Thursday, September 18, 2014

ObamaCare in Perspective

Everything we hear is an opinion, not a fact. Everything we see is a perspective, not the truth.

Marcus Aurelius (121-180 AD)

These days I am spending a lot of my time trying to keep things in perspective.

I am watching the excellent PBS series on the Roosevelts and the different perspectives on Theodore Roosevelt, a Republican Progressive. and Franklin Roosevelt, a Democratic Progressive, both pitting their parties against the rich, and I am reading Karl Rove, “Why A GOP Majority Is Still in Doubt,” WSJ, September 17. The reason, says Rove, is that Democrats have more money and are outspending the GOP $109 million to $85 million on negative TV ads.

This discrepancy makes me wonder, who is the party of the rich?

My aim is to keep matters in perspective, rather than going off half-cocked.

It isn’t easy.

Take the ISIS beheadings of 3 innocent hostages. The beheadings are gruesome, but they may not foretell of the unraveling of Western civilization, an argument advanced by Robert Cohen of the ew York Times )”The Great Unraveling, September 15).

Or consider today’s Scottish referendum whether to declare independence from England. I doubt this is the end of Scotland if they vote Yea ( Niall Ferguson, “Alone, Scotland Will Be a Failed State," The Telegraph, September 18).

Or, for another matter, take the ObamaCare political situation. The three beheadings, ISIS aggression, and speculation about troops on the ground have pushed ObamaCare into background. ObamaCare, say the pundits, has become a nonfactor in the Senate election (David Nasher, “ObamaCare from Game Changer to Background Noise, “Politico, September 17).

From my perspective, the Senate outcome may or may not seal the fate or keep ObamaCare alive.

• Whether Democrats or the GOP wins the Senator or a tie occurs, given Obama’s veto power, gridlock will continue for the rest of the Obama presidency.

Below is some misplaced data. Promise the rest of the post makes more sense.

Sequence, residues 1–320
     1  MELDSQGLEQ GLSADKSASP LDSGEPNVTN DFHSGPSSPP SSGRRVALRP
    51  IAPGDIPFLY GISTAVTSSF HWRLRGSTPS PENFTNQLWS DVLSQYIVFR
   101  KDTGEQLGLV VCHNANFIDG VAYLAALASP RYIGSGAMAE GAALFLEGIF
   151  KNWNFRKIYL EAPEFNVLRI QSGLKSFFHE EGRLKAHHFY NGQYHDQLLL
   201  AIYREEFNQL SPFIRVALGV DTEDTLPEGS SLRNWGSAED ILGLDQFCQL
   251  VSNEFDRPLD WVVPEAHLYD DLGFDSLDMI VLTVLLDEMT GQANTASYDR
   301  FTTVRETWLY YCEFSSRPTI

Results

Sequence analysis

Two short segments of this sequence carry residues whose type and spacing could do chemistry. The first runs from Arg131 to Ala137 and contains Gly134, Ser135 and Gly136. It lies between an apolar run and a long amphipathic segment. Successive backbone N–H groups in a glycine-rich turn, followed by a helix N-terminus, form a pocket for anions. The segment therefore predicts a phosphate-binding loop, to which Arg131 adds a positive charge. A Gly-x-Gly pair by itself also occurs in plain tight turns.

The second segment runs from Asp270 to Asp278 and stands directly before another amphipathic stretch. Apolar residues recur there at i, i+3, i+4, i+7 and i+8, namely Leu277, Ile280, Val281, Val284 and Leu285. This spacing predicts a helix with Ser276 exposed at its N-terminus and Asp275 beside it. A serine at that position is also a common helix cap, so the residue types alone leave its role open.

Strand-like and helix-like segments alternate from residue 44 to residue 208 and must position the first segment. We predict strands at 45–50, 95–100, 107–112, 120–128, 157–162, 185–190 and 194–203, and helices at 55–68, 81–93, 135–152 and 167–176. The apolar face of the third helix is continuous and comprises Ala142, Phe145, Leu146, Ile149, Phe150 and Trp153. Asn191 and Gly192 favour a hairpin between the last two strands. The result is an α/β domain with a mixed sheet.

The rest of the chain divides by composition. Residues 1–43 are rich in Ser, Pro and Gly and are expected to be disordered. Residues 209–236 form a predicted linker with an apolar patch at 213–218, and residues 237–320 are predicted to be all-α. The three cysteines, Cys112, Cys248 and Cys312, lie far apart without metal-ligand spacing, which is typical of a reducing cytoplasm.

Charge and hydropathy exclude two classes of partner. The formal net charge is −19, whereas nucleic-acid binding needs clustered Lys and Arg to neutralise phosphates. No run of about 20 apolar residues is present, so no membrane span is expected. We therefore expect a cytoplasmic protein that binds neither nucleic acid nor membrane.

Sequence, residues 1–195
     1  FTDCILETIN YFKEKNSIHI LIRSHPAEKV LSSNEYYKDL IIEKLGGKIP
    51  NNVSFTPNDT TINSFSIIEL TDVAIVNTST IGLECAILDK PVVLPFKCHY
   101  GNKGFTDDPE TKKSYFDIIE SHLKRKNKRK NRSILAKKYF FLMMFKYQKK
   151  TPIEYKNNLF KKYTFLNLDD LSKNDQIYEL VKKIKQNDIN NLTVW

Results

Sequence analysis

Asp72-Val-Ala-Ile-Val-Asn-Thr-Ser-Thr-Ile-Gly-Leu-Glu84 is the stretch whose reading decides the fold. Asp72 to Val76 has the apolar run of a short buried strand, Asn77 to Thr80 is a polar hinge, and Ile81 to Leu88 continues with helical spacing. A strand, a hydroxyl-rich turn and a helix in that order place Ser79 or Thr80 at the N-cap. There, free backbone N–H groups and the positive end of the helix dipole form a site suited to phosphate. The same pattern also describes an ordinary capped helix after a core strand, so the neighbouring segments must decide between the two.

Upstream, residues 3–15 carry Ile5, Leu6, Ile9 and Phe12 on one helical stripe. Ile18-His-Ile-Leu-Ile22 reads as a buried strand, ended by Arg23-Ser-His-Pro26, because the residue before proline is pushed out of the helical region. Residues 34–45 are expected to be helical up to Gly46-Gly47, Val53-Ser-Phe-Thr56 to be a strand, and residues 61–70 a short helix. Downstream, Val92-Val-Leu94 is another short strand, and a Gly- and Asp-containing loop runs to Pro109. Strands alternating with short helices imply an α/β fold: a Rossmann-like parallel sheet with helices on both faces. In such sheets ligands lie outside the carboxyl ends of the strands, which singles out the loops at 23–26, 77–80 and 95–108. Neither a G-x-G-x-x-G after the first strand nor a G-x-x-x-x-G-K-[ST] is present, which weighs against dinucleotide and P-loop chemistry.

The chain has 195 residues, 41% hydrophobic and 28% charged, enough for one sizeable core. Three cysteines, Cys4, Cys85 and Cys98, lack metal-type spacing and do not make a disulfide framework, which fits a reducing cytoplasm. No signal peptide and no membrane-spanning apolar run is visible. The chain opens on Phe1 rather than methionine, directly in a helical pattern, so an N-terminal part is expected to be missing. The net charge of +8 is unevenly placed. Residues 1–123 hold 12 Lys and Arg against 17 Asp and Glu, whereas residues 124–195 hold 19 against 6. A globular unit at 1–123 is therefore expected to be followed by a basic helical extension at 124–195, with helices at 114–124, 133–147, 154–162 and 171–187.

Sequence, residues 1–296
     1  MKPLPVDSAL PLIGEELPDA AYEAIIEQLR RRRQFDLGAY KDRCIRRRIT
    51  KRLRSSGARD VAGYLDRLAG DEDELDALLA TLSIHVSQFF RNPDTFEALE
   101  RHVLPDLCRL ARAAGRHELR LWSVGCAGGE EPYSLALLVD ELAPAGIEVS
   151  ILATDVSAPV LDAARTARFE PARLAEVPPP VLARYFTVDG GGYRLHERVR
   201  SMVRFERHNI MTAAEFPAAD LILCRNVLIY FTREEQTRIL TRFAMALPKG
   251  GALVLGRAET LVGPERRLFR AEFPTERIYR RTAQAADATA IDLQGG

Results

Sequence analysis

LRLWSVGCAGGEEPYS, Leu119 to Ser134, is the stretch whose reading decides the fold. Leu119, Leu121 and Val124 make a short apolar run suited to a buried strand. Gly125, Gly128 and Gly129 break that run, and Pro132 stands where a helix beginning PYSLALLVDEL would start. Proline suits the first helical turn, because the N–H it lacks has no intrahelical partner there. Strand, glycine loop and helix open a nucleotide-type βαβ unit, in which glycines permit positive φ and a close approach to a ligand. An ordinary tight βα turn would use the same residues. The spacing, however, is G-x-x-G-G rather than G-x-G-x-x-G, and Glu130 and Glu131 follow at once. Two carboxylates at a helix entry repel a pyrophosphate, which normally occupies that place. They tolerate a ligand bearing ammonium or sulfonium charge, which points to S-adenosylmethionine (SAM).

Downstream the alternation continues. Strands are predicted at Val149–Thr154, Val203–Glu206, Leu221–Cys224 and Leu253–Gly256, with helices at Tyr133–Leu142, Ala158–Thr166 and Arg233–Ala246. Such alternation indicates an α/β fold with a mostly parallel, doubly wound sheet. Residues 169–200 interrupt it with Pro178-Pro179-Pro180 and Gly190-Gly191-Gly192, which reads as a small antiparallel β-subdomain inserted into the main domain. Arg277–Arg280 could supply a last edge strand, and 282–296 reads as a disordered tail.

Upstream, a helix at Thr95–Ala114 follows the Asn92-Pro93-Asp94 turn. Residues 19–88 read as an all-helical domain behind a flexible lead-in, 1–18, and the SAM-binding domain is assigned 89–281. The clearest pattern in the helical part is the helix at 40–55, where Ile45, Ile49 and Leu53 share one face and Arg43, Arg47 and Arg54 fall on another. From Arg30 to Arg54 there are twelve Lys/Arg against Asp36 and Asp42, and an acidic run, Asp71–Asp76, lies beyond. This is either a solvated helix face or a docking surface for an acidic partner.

• As pointed out in yesterday’s blog, ObamaCare exchanges cover only 7 million Americans, just 3.2% of the population, and even if 5 million are added in the next enrollment go-around starting November 15, only 3.8% will be insured. If ObamaCare goes as predicted until 2013, 30 million of 9.5% of Americans will be left uninsured.

• The American public opposes ObamaCare but does not want it repealed and wants certain changes kept (young adults covered under parents’ plans and coverage of those with pre-existing conditions). To date, the number of uninsured has been reduced a scant 2%.

• Despite all the hubdub, we sometimes forget a nation’s health system accounts for only 15% of a nation’s health status; life style is 30% and other factors – poverty, inferior education, income differences, and lack of social cohesion ofor the other 55% (Satcher, D, and Pamies, R, Multicultural Medicine and Health , McGraw Hill, 2006),

We forget too that since 1965, when Lyndon Johnson declared the war on poverty, we have spent $15 trillion on poverty and the rate of poverty remains at 15%, the same as it was then.

And finally we tend to neglect the fact that under President Obama, income inequality between the rich and the poor has widened, and income of the middle class has fallen 10%. To paraphrase George Orwell, despite progressive politics, all humans are equal but some remain more equal than others.

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